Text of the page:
In Re: Billy Ray Tatum, Movant, 233 F.3d 857 (5th Cir. 2000)Annotate this Case
November 15, 2000
Motion for an order authorizing the United States District Court for the Western District of Louisiana to consider a successive 28 U.S.C. § 2255 motion
Before HIGGINBOTHAM, WIENER, and BARKSDALE, Circuit Judges.
BY THE COURT:
Billy Ray Tatum has filed a motion with us, seeking authorization to file a successive 28 U.S.C. § 2255 motion in district court to vacate, set aside, or correct his sentence. Tatum proposes to argue in district court that his conviction and sentence under 21 U.S.C. § 841 are unconstitutional because the type and quantity of drugs he possessed are elements of theoffense and therefore should have been alleged in the indictment, presented to a jury, and proved beyond a reasonable doubt. Tatum grounds his assertions in the Supreme Court's recent decision in Apprendi v. New Jersey, ___ U.S. ___, 120 S. Ct. 2348, 2362-63 (2000). Tatum also cites Castillo v. United States, ___ U.S. ___, 120 S. Ct. 2090 (2000), and Jones v. United States, 526 U.S. 227 (1999), in support of his argument. We deny his motion.
* FACTS AND PROCEEDINGS
In 1992, Tatum was convicted pursuant to a guilty plea of (1) possessing with the intent to distribute cocaine and cocaine base in violation of 21 U.S.C. § 841(a) (1) and (2) of using and carrying a firearm during a drug-trafficking offense in violation of 18 U.S.C. § 924(c). He was sentenced to 193 months' and 22 days' imprisonment for the possession offense and 60 months' imprisonment for the weapons offense, to run consecutively. Tatum did not file a direct appeal.
Tatum filed his first motion for § 2255 relief on January 7, 1993. The district court denied Tatum's motion and we affirmed that denial. Tatum subsequently filed a number of § 2255 motions, all of which were denied.
Before a successive 28 U.S.C. § 2255 motion may be filed in district court, the movant must obtain authorization from this court for the district court to consider the movant's successive § 2255 motion. 28 U.S.C. §§ 2244(b) (3) (A), 2255. We may authorize the filing of a successive § 2255 motion in the district court only if the movant makes a prima facie showing to us that his claim relies on either (1) newly discovered evidence that, if proven and viewed in light of the evidence as a whole, would be sufficient to establish by clear and convincing evidence that no reasonable factfinder would have found him guilty of the underlying offense; or (2) a new rule of constitutional law that was previously unavailable has been made retroactive by the Supreme Court to cases on collateral review. 28 U.S.C. §§ 2244(b) (3) (C) and 2255; see United States v. Rich, 141 F.3d 550, 553 (5th Cir. 1998).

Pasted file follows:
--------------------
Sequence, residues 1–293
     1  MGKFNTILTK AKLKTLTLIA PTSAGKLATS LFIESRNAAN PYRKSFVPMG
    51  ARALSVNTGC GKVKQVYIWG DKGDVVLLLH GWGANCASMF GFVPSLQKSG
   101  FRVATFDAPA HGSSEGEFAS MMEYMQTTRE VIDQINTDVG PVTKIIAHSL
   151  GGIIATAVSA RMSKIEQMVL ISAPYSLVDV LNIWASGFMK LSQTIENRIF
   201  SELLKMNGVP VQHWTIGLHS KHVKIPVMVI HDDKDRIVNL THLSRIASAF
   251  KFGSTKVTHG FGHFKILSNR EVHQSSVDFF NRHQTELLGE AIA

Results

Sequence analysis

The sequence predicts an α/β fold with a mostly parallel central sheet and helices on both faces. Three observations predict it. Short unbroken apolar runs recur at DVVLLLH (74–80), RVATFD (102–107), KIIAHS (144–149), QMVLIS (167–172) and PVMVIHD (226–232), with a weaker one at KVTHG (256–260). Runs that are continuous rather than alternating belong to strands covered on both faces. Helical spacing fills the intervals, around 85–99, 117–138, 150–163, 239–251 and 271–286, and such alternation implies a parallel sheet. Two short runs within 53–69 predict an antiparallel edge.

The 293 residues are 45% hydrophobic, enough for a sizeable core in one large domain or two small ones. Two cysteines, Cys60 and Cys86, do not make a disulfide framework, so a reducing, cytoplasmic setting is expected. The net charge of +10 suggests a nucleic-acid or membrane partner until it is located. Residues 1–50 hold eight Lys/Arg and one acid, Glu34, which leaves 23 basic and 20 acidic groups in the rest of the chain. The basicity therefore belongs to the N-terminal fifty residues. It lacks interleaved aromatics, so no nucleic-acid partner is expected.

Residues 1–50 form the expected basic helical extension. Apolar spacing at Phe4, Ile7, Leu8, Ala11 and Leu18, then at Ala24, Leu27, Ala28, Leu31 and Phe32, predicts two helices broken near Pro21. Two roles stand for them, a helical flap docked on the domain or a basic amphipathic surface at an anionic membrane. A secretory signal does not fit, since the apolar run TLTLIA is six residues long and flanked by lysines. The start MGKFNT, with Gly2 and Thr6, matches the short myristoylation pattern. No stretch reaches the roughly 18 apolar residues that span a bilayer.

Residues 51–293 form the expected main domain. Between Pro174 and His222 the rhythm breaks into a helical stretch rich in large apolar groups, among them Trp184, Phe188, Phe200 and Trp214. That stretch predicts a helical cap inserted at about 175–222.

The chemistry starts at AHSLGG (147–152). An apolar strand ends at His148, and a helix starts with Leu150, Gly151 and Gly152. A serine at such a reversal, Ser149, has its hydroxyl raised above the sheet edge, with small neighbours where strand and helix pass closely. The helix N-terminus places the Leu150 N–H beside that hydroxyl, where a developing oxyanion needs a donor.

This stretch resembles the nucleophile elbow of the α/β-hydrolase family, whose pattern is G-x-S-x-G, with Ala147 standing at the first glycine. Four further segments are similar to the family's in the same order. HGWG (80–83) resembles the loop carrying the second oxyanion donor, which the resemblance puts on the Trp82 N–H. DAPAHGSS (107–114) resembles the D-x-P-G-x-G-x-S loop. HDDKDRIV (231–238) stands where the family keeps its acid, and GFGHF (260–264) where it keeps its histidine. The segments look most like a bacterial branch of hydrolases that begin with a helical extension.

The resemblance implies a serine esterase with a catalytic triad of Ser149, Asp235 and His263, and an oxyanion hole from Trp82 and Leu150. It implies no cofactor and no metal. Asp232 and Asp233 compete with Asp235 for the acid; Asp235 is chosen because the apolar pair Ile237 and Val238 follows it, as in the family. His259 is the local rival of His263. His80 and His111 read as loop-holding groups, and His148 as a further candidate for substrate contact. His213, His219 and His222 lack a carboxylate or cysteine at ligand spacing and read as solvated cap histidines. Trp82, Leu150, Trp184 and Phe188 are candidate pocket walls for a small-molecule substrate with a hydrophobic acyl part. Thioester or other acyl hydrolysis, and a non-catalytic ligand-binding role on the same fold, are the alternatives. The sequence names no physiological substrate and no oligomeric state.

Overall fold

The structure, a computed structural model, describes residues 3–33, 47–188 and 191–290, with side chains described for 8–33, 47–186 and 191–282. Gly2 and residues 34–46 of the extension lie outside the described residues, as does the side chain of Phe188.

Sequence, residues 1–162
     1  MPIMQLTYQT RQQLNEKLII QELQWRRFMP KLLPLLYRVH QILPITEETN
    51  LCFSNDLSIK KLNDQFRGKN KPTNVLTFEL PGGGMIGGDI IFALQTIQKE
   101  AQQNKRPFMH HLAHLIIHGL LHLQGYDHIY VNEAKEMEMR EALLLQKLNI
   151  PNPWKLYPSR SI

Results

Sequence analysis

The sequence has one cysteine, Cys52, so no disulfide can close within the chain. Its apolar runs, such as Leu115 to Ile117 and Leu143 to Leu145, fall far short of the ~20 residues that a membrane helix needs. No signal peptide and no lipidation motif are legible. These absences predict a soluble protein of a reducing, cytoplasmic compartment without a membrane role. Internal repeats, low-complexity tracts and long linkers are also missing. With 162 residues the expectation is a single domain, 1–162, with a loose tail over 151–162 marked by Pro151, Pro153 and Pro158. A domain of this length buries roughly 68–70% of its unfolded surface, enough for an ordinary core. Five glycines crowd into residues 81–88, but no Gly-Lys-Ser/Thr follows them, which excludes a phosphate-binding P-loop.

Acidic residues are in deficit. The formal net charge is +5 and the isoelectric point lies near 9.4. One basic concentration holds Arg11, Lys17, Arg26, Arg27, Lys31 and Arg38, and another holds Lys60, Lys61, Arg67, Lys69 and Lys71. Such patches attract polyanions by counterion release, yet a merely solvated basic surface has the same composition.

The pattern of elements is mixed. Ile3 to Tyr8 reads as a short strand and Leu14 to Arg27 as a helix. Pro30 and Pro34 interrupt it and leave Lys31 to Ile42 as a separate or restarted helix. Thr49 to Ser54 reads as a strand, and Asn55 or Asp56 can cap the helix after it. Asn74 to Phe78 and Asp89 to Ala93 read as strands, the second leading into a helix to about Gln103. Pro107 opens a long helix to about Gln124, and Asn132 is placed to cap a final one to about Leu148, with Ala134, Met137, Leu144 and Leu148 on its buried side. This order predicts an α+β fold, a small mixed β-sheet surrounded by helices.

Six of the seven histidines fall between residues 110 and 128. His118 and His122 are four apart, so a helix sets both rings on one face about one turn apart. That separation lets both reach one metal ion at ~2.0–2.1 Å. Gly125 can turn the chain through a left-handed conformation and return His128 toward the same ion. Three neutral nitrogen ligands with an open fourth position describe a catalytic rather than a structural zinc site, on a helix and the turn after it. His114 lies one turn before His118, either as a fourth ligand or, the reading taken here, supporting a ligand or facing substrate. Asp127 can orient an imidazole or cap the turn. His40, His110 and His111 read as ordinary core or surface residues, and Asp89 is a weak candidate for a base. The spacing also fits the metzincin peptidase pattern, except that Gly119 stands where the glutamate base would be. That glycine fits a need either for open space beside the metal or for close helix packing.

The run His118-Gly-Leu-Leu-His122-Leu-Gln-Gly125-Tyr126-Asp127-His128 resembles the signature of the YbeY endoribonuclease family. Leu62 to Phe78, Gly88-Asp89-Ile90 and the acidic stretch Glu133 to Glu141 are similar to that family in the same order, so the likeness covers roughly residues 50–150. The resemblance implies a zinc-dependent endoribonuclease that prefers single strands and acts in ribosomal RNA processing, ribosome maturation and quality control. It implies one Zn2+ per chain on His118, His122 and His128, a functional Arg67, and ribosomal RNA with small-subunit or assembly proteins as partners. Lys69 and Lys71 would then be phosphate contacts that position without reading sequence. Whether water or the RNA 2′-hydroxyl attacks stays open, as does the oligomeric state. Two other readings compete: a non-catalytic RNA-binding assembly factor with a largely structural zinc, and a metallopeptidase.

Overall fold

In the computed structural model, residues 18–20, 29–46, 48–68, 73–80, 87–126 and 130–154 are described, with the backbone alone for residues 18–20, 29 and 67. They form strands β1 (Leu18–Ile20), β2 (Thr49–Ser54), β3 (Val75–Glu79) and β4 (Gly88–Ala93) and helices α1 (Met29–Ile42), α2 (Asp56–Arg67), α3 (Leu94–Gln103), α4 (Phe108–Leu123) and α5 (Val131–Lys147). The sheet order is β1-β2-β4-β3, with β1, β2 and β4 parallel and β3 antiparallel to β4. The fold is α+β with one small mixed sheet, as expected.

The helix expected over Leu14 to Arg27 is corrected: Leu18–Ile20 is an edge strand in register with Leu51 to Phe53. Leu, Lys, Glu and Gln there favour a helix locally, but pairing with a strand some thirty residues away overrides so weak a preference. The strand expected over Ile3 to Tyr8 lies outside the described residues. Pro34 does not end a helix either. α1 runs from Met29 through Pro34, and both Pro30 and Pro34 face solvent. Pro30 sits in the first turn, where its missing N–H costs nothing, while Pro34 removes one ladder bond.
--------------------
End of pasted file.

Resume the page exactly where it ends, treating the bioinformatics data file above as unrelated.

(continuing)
Tatum does not argue that any of his proposed claims are based on newly discovered evidence. Rather, he contends that he is entitled to file a successive § 2255 motion because his claims are based on a new rule of constitutional law that the Supreme Court has made retroactive to cases on collateral review.
The cases on which Tatum relies do not, however, set forth new rules of constitutional law that the Supreme Court made retroactive to cases on collateral review. In Jones, the Supreme Court reviewed a federal car-jacking statute which provided increased penalties if the car-jacking offense involved serious bodily injury or death. The Court held that the statutory facts of serious bodily injury or death are elements of the offense, not mere sentencing factors. Jones, 526 U.S. at 229-30, 251-52. Jones was decided largely on statutory construction grounds, and the Court expressly stated that it was not announcing a rule of constitutional law but was "merely interpret [ing] a particular federal statute . . . ." Id. at 252 n.11.
In Castillo, the Supreme Court interpreted 18 U.S.C. § 924(c) (1). The Court held that, by its references to particular types of firearms, Congress intended to define a separate, aggravated crime not simply to authorize an enhanced penalty. Castillo, 120 S. Ct. at 2096.
In Apprendi, the Court confirmed its earlier holding in Jones and held that " [o]ther than the fact of a prior conviction, any fact that increases the penalty for acrime beyond the prescribed statutory maximum must be submitted to a jury, and proved beyond a reasonable doubt." Apprendi, 120 S. Ct. at 2362-63.
Tatum cannot show that the holdings in any of the cases on which he relies were made to apply retroactively on collateral review by the Supreme Court. When seeking leave to file a successive § 2255 motion on the basis of a new rule of constitutional law, a movant "must point to a Supreme Court decision that either expressly declares the collateral availability of the rule . . . or applies the rule in a collateral proceeding." In re Smith, 142 F.3d 832, 835 (5th Cir. 1998) (internal quotation marks and citation omitted). Apprendi, Castillo, and Jones did not involve collateral proceedings. See Apprendi, 120 S. Ct. at 2352-54 (detailing procedural history); Castillo, 120 S. Ct. at 2091-92 (same); Jones, 526 U.S. at 229-32 (same). Neither has the Court expressly stated that the holdings in any of those cases are to be applied retroactively to cases on collateral review. Tatum has not identified any Supreme Court opinion that makes those cases apply retroactively on collateral review and we have failed to find any on our own.
Tatum has not met the statutory requirements for filing a successive 28 U.S.C. § 2255 motion. His motion for authorization to file a successive 28 U.S.C. § 2255 motion is therefore DENIED.